March Fantasy Apple Merger: Comcast

(Each month we weigh the pros and cons of a particular potential merger for Apple. Please note the "fantasy" part of this speculation: Many times the mergers mentioned couldn't or wouldn't be realistically possible. But put all that aside and enjoy this month's edition of Fantasy Merger.)

With Apple's revamped Apple TV, or more specifically, the "Take Two" software enhancements, critics seem to universally agree that Apple TV is better than it was. Many though, lament that there's still no way to record shows to the box, and that it cannot serve as a cable box replacement. Another box to have to hook up, and one without a dvd player is a barrier for many people.

It has also become clear in the past few weeks that Apple does not offer nearly the movie selection for rent as other outlets. Take Comcast's OnDemand movie offerings, for example.

Apple's plans seems set on a world in which the concept of networks disappear, and people are free to watch whatever they want to, whenever they like. Tivo has been but a small taste of Apple's ultimate network-free model.

Of course, there are a few problems with that future. For one, the cable companies have been doing just fine providing traditional network television. And, for those who enjoy live programming like sports and news, the cable connection is key to getting those programs as they happen. 

But now, go down the rabbit hole.. to a world in which Comcast and Apple are one. For the sake of this discussion, we'll assume Apple was able to outright purchase Comcast (not financially possible, but that's why we call it fantasy merger!). Now imagine that all those Comcast boxes in the universe are replaced by Apple TVs, or given Apple TV features. The resulting service would create a seamless experience: whether you want to watch podcasts, rent movies, or buy TV shows, it would all be handled by one device. And with Apple as an internet provider to millions, the possibilities to enhance/fix .mac become incredible. Personal photo albums from iPhoto/.mac could be made easily available to family members all over the country. And because Apple would control "the pipe" to the home, they would have tremendous leverage in dealing with the major networks, maybe dismantling the whole concept of networks, for better or worse, in the process.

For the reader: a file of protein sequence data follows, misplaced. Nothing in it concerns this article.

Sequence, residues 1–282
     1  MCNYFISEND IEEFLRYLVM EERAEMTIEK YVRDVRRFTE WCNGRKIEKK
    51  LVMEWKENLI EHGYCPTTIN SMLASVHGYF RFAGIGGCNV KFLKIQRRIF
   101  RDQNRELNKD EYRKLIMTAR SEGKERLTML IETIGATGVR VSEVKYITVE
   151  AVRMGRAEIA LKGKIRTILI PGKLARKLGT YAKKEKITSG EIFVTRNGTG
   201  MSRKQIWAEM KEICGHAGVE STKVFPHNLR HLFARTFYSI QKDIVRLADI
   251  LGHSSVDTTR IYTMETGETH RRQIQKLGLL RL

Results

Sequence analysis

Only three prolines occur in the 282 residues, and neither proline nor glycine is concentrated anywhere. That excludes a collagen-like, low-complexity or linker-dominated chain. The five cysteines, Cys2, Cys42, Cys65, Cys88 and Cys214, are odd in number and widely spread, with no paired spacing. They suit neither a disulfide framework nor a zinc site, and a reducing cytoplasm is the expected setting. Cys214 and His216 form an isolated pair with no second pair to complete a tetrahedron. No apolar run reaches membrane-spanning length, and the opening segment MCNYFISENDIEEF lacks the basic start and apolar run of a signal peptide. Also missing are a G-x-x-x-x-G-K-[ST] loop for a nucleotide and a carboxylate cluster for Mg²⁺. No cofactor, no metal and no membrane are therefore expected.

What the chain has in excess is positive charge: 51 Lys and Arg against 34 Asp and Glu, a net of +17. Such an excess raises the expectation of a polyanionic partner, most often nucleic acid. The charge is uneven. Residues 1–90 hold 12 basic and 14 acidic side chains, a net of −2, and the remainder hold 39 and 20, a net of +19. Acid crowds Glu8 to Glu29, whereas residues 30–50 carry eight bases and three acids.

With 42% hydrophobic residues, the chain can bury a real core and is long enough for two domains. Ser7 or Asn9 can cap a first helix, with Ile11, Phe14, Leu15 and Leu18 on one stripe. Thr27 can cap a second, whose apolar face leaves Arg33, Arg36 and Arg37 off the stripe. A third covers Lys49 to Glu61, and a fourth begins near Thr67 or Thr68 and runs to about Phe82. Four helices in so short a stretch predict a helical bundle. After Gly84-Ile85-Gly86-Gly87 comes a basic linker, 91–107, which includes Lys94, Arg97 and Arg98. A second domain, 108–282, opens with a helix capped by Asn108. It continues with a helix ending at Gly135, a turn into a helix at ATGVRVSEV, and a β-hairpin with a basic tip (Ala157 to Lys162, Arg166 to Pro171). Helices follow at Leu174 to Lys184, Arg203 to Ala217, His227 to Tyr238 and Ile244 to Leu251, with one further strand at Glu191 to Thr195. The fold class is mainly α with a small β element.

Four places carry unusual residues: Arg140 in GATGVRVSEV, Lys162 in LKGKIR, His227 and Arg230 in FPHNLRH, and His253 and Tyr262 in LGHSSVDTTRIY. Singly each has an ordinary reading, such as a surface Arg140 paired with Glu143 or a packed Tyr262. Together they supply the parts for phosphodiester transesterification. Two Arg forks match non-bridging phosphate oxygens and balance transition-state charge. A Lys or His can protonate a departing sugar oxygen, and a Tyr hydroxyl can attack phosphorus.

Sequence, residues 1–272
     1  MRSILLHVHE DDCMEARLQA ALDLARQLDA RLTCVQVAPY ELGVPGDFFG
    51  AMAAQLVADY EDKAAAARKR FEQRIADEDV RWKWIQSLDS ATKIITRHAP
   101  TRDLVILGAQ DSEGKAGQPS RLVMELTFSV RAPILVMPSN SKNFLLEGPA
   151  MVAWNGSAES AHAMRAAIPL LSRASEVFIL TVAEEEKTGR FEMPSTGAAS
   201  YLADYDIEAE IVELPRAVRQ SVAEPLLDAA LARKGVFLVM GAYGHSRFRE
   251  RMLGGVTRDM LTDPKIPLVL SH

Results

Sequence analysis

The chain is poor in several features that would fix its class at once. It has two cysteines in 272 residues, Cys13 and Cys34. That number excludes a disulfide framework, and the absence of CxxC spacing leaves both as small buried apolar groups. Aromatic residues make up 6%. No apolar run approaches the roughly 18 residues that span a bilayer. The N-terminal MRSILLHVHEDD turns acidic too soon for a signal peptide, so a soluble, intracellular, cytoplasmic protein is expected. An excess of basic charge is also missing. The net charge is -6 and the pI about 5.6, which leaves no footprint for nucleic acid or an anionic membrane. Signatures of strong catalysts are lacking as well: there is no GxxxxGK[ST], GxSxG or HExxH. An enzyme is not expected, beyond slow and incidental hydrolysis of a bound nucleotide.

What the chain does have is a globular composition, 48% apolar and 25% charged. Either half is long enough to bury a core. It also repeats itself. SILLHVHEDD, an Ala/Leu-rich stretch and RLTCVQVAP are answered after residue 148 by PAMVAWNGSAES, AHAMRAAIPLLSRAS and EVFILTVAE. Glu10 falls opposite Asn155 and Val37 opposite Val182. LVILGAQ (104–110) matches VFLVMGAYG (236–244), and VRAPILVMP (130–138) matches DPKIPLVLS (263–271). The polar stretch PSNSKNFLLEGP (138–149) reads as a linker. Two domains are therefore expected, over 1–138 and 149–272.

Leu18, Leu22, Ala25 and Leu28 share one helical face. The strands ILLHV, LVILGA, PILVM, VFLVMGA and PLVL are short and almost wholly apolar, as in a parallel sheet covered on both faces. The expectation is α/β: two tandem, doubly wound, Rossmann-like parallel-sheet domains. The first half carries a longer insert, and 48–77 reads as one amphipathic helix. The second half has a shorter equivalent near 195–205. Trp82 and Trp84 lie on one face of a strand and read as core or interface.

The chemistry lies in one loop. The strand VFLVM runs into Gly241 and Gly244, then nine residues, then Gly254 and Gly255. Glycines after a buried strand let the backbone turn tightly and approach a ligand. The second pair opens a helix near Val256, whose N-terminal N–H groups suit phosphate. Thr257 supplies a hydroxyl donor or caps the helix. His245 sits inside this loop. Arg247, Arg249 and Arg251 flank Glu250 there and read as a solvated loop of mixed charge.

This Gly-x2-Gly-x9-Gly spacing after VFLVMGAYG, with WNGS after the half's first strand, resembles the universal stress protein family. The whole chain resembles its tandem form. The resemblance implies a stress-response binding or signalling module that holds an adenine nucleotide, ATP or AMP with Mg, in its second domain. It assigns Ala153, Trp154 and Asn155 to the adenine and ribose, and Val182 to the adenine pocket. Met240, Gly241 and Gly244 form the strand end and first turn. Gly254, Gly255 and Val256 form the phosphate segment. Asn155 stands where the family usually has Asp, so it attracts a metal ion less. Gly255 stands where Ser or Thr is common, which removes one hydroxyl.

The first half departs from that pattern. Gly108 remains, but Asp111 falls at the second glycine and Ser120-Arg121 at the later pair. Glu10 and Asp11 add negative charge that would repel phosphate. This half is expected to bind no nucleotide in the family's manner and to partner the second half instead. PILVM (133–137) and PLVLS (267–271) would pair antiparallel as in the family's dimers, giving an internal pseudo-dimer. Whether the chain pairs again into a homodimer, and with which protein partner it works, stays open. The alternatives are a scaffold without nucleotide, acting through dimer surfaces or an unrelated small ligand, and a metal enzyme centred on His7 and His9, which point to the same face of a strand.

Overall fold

What do you think? What other pros and cons would come from this merger?


HD-DVD and the case for unlocking your media

The HD format war is over.HD-DVD has lost, and lost big. Lost in all the buzz about Blu-Ray's victory is the question of what becomes of those who purchased HD-DVDs. Short term, those people's lives haven't really changed. What happens though, a year from now when their HD-DVD player stops working? Some people have collected fairly large collections of HD-DVD movies. This is content that they have paid for, and content that is, unfortunately, locked to the disc.

In the audio world, it's easy to rip a CD, and have those files in a digital format. The same cannot be said for HD DVD, or Blu Ray. Here's a situation in which honest, law-abiding consumers have a legitimate reason to want to move the content from the original delivery medium. Let's not lose sight that that's what we're talking about here: media tied to a delivery medium, rather than a purchase. 

This is the first significant digital format to go belly-up. And while Blu Ray supporters are high- fiving each other victoriously, don't forget your format could be next.

But then again, maybe this is much ado about nothing. Perhaps this discussion will look quaint in five years. One would think once movies are delivered primarily online, the ability to play them would last as long as there are computers. What do you think? Should HD DVD movie buyers be able to convert those films to another format? Is this a problem that will go away in time? Should the studios be able to lock content to a particular delivery method?